5. Madhavan and Vidya Balan
A word of mention to the supremely talented Madhavan and Vidya Balan. There is an unusual romance which blossoms between the sly-minded news reporter Madhavan and the marriage obsessed wheelchair bound Vidya Balan. Guru was the 4th straight collaboration of Mani Ratnam right from his debut Alaipayudhey where Madhavan plays Shyam Saxena, a protege of Manik Dasgupta who leads the expose campaign against Guru. A character inspired by the leading CA and lawyer S Gurumurthy, Madhavan grins the character to perfection. There is a painstaking physical transformation Madhavan underwent for the role where he is in his slimmest.
6. Rajiv Menon’s Lens
Mani Ratnam’s cinematographers are the best. Period. Mani Ratnam’s old friend and India’s leading ad-man Rajiv Menon’s work in Guru is reminiscent of a Raja Ravi Varma painting. Capturing India from 1951 to early 2000s, Rajiv’s lenswork is sharp, imaginative, dreamy and often marked by usage of dark colors and shades. A very noticeable aspect here is the way Rajiv grades the film in a rustic brownpage texture which is in connection with the story about a garment businessman and a printing press owner. There is everything you want — intimate close-ups, sweeping long shots, deft swish pans (the courtroom scenes in climax) and the favourite trolley moments (the train scenes in the 1st half). Mani Ratnam loves having scenes of trains and Guru captures beautiful trains from the yesteryears. Another beautiful visual which stayed with me is the Bhumi Puja visual of Guru’s factory in their village.
7. Samir Chanda’s art direction
Another Mani Ratnam’s lieutenant and National Award winning art-director Samir Chanda is a big impression from Guru. Samir’s work hits the sky as the Mumbai of the 1950s and 60s is meticulously recreated with a special mention to the Marine Drive recreated on the streets of Pondicherry. Another brilliant piece of the work is the old train compartments created where the chemistry between Guru and Sujatha builds. My personal favorite however remains the beautiful transformation of Chettinad villages into rural Gujarat with mindblowing attention to detail.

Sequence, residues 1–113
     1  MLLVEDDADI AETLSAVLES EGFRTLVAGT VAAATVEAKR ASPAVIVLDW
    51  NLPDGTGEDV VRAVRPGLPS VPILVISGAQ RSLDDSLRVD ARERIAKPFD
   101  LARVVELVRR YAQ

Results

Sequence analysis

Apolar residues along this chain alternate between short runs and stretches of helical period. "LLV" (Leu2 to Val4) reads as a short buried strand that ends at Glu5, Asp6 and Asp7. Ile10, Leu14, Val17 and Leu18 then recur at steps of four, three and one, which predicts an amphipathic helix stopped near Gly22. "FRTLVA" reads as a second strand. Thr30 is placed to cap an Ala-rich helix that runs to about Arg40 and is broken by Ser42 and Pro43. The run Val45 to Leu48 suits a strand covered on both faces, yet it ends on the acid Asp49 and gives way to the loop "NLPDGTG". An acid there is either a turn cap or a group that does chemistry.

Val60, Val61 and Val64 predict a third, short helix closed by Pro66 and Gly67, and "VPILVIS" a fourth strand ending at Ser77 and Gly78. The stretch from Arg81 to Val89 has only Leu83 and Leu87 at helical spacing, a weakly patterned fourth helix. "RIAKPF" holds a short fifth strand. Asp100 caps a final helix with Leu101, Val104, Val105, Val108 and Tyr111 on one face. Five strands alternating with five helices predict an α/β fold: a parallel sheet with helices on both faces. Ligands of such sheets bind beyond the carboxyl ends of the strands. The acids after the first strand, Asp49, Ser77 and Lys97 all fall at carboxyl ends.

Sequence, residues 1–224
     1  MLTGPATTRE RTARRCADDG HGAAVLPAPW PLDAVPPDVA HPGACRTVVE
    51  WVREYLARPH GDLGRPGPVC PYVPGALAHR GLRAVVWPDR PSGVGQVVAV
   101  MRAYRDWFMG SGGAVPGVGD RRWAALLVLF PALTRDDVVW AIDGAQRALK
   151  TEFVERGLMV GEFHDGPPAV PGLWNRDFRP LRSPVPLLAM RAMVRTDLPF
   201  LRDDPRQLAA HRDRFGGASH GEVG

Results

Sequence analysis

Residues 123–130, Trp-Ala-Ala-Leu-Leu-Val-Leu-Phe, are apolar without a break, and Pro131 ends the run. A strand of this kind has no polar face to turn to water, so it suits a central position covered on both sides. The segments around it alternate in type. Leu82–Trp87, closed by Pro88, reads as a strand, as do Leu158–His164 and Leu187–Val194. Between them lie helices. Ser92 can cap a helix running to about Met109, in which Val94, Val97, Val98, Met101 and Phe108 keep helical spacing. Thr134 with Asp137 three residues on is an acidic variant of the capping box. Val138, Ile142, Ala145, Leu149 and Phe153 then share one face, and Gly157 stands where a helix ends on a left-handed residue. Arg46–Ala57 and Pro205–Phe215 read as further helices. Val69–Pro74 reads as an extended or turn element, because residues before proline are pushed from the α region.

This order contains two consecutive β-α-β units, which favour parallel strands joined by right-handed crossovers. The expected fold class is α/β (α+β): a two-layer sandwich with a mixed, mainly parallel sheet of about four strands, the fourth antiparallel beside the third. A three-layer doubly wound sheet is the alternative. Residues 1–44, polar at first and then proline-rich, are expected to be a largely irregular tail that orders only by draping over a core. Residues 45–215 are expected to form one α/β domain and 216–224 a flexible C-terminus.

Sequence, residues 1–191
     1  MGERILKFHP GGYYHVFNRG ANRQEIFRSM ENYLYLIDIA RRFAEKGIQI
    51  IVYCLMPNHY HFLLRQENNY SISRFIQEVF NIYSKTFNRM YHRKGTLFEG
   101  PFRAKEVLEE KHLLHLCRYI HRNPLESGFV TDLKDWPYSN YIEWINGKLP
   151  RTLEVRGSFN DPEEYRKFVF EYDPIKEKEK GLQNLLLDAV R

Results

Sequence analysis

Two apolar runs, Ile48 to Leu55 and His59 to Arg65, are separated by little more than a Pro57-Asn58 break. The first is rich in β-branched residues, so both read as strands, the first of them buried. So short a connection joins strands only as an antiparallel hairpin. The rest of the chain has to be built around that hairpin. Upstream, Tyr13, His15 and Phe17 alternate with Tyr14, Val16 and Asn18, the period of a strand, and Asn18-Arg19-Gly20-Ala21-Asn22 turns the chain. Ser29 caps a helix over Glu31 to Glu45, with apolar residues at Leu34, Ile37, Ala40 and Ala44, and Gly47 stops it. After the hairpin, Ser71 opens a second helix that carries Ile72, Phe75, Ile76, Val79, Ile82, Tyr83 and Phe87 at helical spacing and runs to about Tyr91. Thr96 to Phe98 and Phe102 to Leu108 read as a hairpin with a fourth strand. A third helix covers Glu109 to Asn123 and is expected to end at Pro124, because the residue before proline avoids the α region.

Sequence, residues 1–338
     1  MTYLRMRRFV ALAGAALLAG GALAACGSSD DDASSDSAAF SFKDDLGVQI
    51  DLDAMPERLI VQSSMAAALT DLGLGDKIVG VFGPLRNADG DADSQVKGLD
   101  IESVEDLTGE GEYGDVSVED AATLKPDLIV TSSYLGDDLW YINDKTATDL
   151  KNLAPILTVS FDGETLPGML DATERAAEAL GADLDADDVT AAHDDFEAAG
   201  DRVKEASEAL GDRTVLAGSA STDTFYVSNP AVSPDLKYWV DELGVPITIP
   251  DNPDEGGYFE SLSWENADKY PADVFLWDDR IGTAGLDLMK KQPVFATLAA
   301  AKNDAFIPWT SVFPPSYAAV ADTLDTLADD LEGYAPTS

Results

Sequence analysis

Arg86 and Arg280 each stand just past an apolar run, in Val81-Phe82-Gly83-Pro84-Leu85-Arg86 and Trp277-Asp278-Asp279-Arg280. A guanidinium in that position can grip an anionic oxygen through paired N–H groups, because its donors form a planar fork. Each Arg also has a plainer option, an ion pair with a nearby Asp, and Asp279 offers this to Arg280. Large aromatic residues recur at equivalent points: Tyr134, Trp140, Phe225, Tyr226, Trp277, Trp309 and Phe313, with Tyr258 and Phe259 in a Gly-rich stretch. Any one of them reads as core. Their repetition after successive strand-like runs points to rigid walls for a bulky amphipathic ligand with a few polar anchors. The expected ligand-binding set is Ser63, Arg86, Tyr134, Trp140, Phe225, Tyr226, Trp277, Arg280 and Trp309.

8. A R Rahman’s score
The discussion of Mani Ratnam’s work is incomplete without the Rahman’s music . Another genius find of the master film-maker, Guru’s soundtrack by Rahman is an eclectic mix of beautiful fusion numbers and wonderful western classics. The Sufi heavy Tere Bina and the slow melody Ay Hairathe beautifully unfold between the romance of Guru and Sujatha. Both these songs almost are eternal classics are sync perfectly for any occasion for us to hear. Another beautiful number is the Jaage Hain theme which runs across the film essentially as a background score but sums up the mind of Guru. But the thumping impact is the background score which sets in at key moments with the yells of Guru Bhai Guru Bhai Aagna Che. As the customary saying goes, A R Rahman reserves his classic best for his mentor Mani Ratnam.
Note: A R Rahman mentioned in an interview that Mani Ratnam decided to make space for Tere Bina song in the screenplay after hearing the song.
9. Mrs. Gurukanth Desai
Sujatha, played by Aishwarya Rai describes herself as a 50% shareholder in Shakti Corp in the film. Similarly, half of the film rests on Aishwarya Rai’s graceful shoulders. From a rebellious girl to a playful wife and finally to a tactful companion of Guru, Aishwarya Rai is silent, prayerful and full of grace in a character which literally sees and wades through every mood and moment of Guru. From the initial disagreements between the frisky couple to sweet nothings and the semi-philosophical arguments as the older couple, Mani Ratnam sets up a crackling chemistry between the lead pair. One of my favorite scenes again is the bedroom scene between them as they measure their paunches.
10. My Favorite Story Teller Mani Sir
As much as I write and speak about Mani Ratnam, the more I feel there is unsaid and unwritten. As an ardent admirer of his work, Guru was an opportunity to discover a film-maker whose body of work stayed on with me. Guru’s most compelling asset is Mani Ratnam is because the way he chooses to tells the story. The biography opens as a dream, it cuts through song montages, quick accounts, grave confrontations and deep reflections. Probably one of the more verbose films of Ratnam, Guru discovers quintessential film-making in the most unabashed way. Nayakan, Iruvar and Guru shows why Mani Ratnam is a master of translating life stories onto screen like an auteur. Another unusual aspect of Mani Ratnam is the use of metaphor- the way he uses rain as a part of the narrative. The rain steps in the most crucial junctures of the film — the moment when Guru is winning against the IAS officer, the moment when Guru is hellbent on destroying the Contractors and the moment the shareholders are revolting against Guru. Two thumbs-up and massive respect to Mani Sir!